When Cynthia, a single mom living in Portland’s suburbs, lost her job, she didn’t know where to turn. She found her way to a community resource desk at Providence Medical Center and learned about an apartment that she was able to move into fairly quickly. Now that she knew about the resource desk, she returned to the hospital for advice after she moved into the unit, which was clean but bare.
  • Seven-day walk set to protest immigrant detention, deportation

    Members of faith groups and immigrants are teaming up for a seven-day march between two Oregon sites that are used for federal immigration enforcement.

    The walk, Sept. 30-Oct. 6, will proceed from Sheridan Federal Detention Facility to the Northern Oregon Regional Correctional Facility in The Dalles, both places where immigrants and refugees are being held before hearings and possible deportation. Walkers will demand an end to zero-tolerance immigration policy.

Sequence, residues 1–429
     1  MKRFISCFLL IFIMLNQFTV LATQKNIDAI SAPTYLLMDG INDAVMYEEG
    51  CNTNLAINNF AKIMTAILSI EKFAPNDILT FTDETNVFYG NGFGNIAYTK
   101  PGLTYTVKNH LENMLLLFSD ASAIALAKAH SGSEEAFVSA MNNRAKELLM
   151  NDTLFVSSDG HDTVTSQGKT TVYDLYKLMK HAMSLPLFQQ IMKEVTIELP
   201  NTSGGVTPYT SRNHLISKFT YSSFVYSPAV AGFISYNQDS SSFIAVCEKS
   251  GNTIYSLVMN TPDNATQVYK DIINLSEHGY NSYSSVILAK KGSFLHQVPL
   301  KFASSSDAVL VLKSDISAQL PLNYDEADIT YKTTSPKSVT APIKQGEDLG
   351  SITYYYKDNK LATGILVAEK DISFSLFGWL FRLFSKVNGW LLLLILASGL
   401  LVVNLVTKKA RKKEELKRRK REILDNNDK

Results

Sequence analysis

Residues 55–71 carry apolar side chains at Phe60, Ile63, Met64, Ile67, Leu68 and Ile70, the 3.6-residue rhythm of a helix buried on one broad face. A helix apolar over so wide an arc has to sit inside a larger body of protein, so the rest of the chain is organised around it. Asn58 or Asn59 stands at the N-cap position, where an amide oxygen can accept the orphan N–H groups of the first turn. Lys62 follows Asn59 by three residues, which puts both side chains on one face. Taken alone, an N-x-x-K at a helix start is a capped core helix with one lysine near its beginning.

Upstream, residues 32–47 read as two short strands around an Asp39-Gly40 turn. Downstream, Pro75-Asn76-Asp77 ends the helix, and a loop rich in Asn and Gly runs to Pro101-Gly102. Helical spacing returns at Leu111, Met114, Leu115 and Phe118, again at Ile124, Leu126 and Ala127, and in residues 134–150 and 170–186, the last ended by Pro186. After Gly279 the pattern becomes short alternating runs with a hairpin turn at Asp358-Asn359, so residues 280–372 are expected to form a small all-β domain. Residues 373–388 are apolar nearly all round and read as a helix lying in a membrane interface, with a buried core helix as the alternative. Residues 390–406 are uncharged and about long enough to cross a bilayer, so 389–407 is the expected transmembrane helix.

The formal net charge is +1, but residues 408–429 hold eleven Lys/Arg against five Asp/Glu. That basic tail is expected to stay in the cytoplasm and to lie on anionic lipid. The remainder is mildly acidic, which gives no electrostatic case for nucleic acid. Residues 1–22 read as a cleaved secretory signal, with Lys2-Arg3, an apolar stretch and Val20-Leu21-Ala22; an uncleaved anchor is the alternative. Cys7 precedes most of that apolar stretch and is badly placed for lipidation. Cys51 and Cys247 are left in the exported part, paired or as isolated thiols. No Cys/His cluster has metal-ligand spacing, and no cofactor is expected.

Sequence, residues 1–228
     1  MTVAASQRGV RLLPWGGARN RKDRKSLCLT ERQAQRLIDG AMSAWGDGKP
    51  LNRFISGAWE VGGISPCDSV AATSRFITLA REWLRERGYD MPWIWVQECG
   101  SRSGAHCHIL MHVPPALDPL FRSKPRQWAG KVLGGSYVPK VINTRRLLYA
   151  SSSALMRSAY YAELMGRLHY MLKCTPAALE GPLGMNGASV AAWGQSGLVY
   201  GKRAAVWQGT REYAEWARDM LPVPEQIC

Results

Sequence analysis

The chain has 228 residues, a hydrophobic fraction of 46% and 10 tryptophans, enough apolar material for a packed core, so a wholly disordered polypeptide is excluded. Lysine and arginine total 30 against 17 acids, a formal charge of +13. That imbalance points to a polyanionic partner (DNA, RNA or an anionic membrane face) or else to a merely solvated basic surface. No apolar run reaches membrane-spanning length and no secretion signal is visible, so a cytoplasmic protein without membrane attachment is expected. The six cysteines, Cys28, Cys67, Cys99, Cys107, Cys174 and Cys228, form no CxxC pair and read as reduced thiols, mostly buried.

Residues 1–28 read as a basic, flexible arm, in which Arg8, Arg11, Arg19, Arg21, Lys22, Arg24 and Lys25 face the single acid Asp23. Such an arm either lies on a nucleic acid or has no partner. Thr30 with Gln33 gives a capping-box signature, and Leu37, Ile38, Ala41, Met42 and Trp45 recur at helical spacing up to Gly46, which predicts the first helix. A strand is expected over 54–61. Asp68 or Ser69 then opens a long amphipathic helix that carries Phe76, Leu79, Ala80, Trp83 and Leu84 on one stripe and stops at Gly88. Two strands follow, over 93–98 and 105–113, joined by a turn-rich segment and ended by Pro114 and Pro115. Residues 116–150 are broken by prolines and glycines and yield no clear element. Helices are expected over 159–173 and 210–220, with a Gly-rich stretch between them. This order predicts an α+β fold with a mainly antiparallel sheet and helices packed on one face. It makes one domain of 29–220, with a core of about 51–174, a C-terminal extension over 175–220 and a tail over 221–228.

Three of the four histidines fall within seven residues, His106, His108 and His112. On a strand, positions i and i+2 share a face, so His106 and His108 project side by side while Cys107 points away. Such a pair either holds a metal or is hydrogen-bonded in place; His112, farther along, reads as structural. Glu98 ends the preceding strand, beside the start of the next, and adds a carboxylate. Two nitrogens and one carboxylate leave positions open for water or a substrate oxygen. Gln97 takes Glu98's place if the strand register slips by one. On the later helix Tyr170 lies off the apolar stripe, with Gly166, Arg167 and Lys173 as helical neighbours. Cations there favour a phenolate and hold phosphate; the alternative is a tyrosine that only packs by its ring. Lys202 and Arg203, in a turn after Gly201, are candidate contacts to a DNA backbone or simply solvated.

• ‘God is foremost for Pat Casey’
    Pat Casey is so Catholic that the University of Notre Dame tried to get him to coach their baseball squad and offered some serious money. But Casey is so dedicated to Oregon State University and his family that he refused the offer, even while it might have been a dream for this member of St. Mary Parish in Corvallis.
  • New Marist-hosted program helps homeless children read, dream
    EUGENE — The drowsy cadence of “Goodnight Moon,” the drama of “Narnia,” and the everyday pests and life puzzles captured by Beverly Clearly are beloved chapters of childhood. Letters on a page are also a portal to facts about bugs and planets and the captivating lives of explorers and revolutionaries. Learning of all sorts is unequivocally bound to books and the ability to read.